# 1: Basics

In this Advanced Python Tutorial we will cover some useful python skills and tips. The lessons are as follows:

• Basics

• Cut based selction

• Multivariate Analysis with Scikit Learn

• uBoost with hep_ml

• Neural Network Demo

• Mutivariate kinematic reweighting

• The sPlot technique

The first lesson will be on some python basics:

• Mutable and immutable objects in python

• List and dictionaries and comprehensions

• Writing code in markdown

• Jupyter notebook basics

• Importing moduels

## Basics

Mutability

• Let’s start by comparing some mutable and immutable objects.

• In python lists and strings are mutable and tuples are immutable.

• What happens when you run the code below?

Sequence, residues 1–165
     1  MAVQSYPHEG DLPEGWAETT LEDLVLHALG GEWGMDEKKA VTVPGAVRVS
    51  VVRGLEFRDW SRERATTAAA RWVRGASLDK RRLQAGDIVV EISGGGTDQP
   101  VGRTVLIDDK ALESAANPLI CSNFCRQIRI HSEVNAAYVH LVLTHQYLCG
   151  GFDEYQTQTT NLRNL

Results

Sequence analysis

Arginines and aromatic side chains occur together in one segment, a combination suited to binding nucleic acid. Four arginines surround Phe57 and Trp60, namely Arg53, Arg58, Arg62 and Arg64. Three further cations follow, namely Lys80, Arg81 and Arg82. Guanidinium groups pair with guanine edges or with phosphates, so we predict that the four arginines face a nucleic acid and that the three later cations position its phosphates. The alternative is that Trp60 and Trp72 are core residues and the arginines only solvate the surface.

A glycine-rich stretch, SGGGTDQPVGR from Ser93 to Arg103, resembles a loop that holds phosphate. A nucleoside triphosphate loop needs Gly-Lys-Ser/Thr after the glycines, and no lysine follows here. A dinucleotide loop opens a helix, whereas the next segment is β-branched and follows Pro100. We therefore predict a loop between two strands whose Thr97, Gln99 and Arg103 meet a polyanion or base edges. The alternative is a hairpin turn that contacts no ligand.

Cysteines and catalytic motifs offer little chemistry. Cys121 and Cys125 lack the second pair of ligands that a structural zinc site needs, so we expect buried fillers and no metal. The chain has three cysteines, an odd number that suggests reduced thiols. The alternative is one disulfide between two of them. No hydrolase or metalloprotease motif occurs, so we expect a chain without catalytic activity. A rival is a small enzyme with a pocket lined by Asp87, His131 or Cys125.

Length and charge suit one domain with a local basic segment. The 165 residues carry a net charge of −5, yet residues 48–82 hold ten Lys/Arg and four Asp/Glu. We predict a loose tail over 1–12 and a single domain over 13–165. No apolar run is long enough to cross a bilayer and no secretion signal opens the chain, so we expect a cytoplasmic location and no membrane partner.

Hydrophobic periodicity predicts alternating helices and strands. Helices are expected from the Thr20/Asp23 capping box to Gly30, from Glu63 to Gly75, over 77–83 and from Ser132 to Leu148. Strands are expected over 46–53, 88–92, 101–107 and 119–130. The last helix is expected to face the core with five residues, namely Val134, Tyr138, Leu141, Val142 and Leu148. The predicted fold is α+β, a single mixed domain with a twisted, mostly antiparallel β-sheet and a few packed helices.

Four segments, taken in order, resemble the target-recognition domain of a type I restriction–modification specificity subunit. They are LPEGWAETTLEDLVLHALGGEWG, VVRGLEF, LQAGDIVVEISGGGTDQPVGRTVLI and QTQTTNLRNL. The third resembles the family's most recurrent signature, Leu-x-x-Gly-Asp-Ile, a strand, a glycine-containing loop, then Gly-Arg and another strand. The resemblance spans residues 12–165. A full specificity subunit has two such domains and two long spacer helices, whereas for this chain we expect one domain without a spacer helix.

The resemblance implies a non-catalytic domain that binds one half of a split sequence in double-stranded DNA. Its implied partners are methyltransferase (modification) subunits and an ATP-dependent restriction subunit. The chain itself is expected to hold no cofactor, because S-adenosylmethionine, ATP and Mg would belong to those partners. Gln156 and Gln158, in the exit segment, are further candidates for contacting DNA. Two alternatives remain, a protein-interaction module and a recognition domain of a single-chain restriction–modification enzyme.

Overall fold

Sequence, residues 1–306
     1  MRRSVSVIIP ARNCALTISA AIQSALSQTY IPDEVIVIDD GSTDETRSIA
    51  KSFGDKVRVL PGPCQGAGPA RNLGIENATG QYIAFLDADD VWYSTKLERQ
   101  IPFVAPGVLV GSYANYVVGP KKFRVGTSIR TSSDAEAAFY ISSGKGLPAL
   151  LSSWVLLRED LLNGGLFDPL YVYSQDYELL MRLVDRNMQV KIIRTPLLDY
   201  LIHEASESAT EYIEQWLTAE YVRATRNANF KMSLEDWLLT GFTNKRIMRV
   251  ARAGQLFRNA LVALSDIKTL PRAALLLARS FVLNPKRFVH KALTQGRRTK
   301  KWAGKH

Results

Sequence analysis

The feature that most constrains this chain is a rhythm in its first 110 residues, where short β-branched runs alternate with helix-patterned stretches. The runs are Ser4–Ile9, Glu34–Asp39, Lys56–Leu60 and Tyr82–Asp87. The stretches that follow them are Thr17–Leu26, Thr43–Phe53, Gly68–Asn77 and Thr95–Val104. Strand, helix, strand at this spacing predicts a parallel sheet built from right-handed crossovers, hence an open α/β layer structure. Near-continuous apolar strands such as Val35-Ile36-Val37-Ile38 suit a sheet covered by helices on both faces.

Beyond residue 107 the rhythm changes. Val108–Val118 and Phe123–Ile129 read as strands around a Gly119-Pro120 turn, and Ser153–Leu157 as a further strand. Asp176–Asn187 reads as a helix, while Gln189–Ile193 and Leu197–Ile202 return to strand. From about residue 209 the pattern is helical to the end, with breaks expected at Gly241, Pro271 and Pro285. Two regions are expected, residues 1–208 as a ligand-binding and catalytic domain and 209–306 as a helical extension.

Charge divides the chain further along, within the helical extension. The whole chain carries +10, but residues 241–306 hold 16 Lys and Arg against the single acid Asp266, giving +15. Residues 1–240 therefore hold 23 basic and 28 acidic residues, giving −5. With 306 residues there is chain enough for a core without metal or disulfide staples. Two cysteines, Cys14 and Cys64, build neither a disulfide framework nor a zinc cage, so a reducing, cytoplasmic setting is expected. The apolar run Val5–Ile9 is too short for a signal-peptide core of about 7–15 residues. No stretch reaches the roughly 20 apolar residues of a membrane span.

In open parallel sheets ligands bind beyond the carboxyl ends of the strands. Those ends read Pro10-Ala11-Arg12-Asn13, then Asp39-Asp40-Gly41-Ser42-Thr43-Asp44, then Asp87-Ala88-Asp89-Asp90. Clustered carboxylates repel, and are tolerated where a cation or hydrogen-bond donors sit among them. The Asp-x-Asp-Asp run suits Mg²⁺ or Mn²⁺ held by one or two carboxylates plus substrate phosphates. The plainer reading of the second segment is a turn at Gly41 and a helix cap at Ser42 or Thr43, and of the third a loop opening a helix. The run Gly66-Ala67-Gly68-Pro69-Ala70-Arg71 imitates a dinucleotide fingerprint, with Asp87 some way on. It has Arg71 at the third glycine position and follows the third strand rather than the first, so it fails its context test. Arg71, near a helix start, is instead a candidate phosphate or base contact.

[1]:
a = ['a', 'b', 'c']
b = a
b[1] = 'hello'

print(a)
print(b)
['a', 'hello', 'c']
['a', 'hello', 'c']
[2]:
a = {'a': '0', 'b': '1', 'c': '2'}
b = a
b['b'] = 'hello'

print(a)
print(b)
{'a': '0', 'b': 'hello', 'c': '2'}
{'a': '0', 'b': 'hello', 'c': '2'}
[3]:
a = 'foo'
b = 'bar'
for c in [a, b]:
c += '!'

print(a)
print(b)
foo
bar

List comprehensions

[4]:
N = 10

list_of_squares = [i**2 for i in range(N)]
sum_of_squares = sum(list_of_squares)

print('Sum of squares for', N, 'is', sum_of_squares)
Sum of squares for 10 is 285

Dictionary comprehensions

[5]:
squares = {i: i**2 for i in range(10)}
print(squares)
{0: 0, 1: 1, 2: 4, 3: 9, 4: 16, 5: 25, 6: 36, 7: 49, 8: 64, 9: 81}
[6]:
N = 5
print('The square of', N, 'is', squares[N])
The square of 5 is 25

## Markdown

Use LaTeX:

$$A = \frac{1}{B+C}$$

Show lists:

• A wonderful

• List

• This is

Show code with syntax highlighting: